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  1. #11

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    I have checked a number of U.K. stockists including the Fuji film site itself and there was no sign of Pro 800 but neither was there a notice saying "discontinued". It is still available at one stockist with a stock plenty listing but that stockist may simply have put in a massive order prior to its discontinuation( if this is the case).

    It would appear however that Superia 800 is still a product line and 1600. The latter is very fast but gets a bit grainy above 10x8 in my experience.

    So a bit of a mystery. There seems to be some evidence that Pro800 may have been discontinued but it is not conclusive.

    pentaxuser

  2. #12

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    Just a bit of an update. On one of the most reliable of U.K. sites, Agphotographic( run by Matt a subscriber here) there is a notice to the effect that Fuji almost discontinued Fuji Pro 800 in 35mm in 2009 but changed its mind due to customer reaction. However there is no 120 but there is Kodak Portra 800 in both 35mm and 120.

    So crisis over

    pentaxuser

  3. #13

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    Since I'm shooting Kodak Portra, that's good news that they're still producing 400 and 800 ISO. Unfortunately, it's all special order here where I love, or atleast I have to find a store that sells it.

  4. #14
    eddym's Avatar
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    Quote Originally Posted by dugrant153 View Post
    Since I'm shooting Kodak Portra, that's good news that they're still producing 400 and 800 ISO. Unfortunately, it's all special order here where I love, or atleast I have to find a store that sells it.
    Do you love where you live, or live where you love?
    Eddy McDonald
    www.fotoartes.com
    Eschew defenestration!

  5. #15
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    Quote Originally Posted by dugrant153 View Post
    The only thing with shooting at ISO 640 is that you lose some contrast? I really like shots that have that really 'deep' look to them. (full of color or tone) and I find that when I underexpose it becomes very air and light... almost kind of faded... especially in the shadows!
    Pushing film should actually INCREASE contrast. What you observe might be cause by some different placement of luminance levels across the toe region, maybe.. That is, if you push a negative, shadows tend to be more "packed" and have less local contrast. If you or your printer try to raise them to brighter levels, you might end up with muddy shadows, which might be your case.

    Just my 2 pennies from the small experience I have. :-)

    Ciao
    Marco

  6. #16

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    Thanks for that tip, Marco! Something I have to keep in mind if I ever push/pull film.

    Oops! I should've said "where I live". haha. Give me access to Portra 800 and I'll be happy as a clam.

  7. #17
    MattKing's Avatar
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    I would think that you can find Portra 800 at Beau Photo. Lens and Shutter may have it too. Leos Cameras are a possibility as well. Finally, it would be worth asking at ABC Photocolour too.
    Matt

    “Photography is a complex and fluid medium, and its many factors are not applied in simple sequence. Rather, the process may be likened to the art of the juggler in keeping many balls in the air at one time!”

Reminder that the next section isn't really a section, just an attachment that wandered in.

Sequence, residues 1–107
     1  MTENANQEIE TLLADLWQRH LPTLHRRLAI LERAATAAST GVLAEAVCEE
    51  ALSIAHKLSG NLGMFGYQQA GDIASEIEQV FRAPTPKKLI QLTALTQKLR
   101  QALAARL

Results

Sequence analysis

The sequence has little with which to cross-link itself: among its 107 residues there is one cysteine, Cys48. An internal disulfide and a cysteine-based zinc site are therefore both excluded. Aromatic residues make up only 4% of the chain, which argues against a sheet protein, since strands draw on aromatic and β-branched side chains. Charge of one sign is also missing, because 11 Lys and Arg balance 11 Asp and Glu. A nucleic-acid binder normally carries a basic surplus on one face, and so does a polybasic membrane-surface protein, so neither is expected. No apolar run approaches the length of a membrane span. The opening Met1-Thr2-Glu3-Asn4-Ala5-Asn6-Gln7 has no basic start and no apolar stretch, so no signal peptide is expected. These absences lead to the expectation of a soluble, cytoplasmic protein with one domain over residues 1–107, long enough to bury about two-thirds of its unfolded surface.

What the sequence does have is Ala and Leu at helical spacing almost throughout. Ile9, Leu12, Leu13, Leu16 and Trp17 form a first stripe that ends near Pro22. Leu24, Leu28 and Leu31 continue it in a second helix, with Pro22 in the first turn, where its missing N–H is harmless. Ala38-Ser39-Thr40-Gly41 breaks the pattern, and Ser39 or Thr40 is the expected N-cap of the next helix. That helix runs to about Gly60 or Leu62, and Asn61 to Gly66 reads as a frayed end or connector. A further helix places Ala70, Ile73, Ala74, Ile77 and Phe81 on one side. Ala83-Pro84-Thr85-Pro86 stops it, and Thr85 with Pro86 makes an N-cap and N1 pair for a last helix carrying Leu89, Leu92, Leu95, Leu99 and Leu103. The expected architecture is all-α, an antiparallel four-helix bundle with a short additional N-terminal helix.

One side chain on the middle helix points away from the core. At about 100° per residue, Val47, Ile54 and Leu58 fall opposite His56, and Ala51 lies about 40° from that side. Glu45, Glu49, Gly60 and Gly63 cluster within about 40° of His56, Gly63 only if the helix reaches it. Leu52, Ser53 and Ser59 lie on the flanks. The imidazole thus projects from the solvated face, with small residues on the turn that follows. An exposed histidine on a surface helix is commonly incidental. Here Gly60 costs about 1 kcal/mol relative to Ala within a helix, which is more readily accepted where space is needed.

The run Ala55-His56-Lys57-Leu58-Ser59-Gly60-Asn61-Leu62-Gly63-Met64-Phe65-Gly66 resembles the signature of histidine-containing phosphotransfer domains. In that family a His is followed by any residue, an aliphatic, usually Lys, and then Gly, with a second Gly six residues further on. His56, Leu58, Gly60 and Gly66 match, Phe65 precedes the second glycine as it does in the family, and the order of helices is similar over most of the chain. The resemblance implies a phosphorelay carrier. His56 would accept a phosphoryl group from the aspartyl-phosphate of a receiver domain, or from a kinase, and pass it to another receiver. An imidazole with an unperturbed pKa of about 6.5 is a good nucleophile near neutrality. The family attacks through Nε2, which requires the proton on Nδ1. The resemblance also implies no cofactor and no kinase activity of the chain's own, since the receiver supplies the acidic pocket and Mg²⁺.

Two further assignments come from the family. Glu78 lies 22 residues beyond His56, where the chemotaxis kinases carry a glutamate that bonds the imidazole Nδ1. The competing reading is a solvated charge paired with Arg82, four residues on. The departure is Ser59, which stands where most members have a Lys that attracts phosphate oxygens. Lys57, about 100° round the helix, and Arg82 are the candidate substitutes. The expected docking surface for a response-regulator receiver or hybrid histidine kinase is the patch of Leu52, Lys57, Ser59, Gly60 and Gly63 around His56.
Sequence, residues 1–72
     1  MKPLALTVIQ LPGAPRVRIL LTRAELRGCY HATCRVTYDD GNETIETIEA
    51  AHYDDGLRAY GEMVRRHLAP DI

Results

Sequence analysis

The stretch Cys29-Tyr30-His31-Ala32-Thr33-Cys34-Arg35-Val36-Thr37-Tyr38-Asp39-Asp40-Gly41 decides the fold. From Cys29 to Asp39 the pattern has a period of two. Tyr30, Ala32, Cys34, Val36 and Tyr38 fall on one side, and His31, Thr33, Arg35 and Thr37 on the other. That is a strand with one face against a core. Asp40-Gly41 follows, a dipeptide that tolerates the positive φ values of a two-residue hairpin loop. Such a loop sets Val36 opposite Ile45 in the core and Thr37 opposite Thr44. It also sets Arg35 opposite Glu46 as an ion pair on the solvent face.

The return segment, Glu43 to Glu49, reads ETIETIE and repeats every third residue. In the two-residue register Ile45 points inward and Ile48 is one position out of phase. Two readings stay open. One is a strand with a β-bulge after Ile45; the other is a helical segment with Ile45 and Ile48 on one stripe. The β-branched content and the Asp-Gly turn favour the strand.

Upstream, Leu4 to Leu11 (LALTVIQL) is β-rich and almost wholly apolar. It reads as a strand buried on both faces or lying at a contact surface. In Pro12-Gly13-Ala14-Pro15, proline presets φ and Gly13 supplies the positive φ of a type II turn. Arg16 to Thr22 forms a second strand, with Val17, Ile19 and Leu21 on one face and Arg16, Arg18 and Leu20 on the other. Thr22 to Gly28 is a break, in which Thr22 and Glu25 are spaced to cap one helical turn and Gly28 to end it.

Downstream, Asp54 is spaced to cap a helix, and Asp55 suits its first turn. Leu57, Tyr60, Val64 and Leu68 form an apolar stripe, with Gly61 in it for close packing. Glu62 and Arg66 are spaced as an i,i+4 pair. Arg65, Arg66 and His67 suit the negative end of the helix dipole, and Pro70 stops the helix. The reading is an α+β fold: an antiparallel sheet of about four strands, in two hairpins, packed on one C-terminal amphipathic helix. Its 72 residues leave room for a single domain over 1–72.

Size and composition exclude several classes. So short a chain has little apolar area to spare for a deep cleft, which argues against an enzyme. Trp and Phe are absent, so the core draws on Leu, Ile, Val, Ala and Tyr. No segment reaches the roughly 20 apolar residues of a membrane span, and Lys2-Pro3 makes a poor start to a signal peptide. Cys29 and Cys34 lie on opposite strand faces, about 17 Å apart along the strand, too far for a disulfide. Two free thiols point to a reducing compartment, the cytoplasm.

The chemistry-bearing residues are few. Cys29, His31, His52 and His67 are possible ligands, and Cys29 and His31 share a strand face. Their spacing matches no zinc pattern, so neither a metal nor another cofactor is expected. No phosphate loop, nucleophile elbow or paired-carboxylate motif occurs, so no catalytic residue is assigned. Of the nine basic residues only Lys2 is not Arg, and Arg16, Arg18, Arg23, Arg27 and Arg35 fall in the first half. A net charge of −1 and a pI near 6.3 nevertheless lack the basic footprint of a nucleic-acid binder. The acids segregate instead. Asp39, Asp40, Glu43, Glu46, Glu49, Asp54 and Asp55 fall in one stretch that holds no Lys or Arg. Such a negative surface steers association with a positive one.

Ansel Adams, from the introduction to The Negative - The New Ansel Adams Photography Series / Book 2

  8. #18

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    Oh yeah yeah. I just checked Beau Photo and they have stock.

    Lens and Shutter (the new one Downtown) did not have it nor seem to have access? Leo's I haven't checked.
    I'll have to check ABC as well

  9. #19

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    kk... well, I'm starting to get a workflow down.

    Here's my question. When there's a lot of changing light throughout the day, how do you setup your cameras and film?

    Do you folks stick to a certain film all day and just underexpose or overexpose?

    I've been in a lot of churches where 800 ISO would've been best but had a 400 ISO film in the camera and... well, couldn't easily change unless I had another camera.

    Curious if you folks load up one camera with one film, and a second camera with another or.... something like that? I'm planning on using two 35mm cameras + 1 medium format (645) camera.

  10. #20
    marco.taje's Avatar
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    Do you folks stick to a certain film all day and just underexpose or overexpose?
    Well, no, I don't think it's supposed to work that way. Under- or overexposure is a function of the development you choose for that roll. That means that you decide to develop that roll to suit a certain brightness range and hence adjust your exposure accordingly. So you can't change these settings within the same roll, from this point of view.

    So, one roll ---> one development method ---> one EI.

    That said, you may as well use only ONE type of film, and adapt its development and EI as lighting changes. This is also when interchangeable backs really have an edge! I will typically use one film, and if I find I have to cope with different "brightness range" setups at the same time, I will load another back with the same film, but deciding to give different development and EI to the second roll.

    If you have the chance to switch backs or cameras, I think that's the way it goes. If you're stuck with one roll at a time, try to find an average development and exposure that will be ok, although not exactly spot on, for what you expect to shoot.

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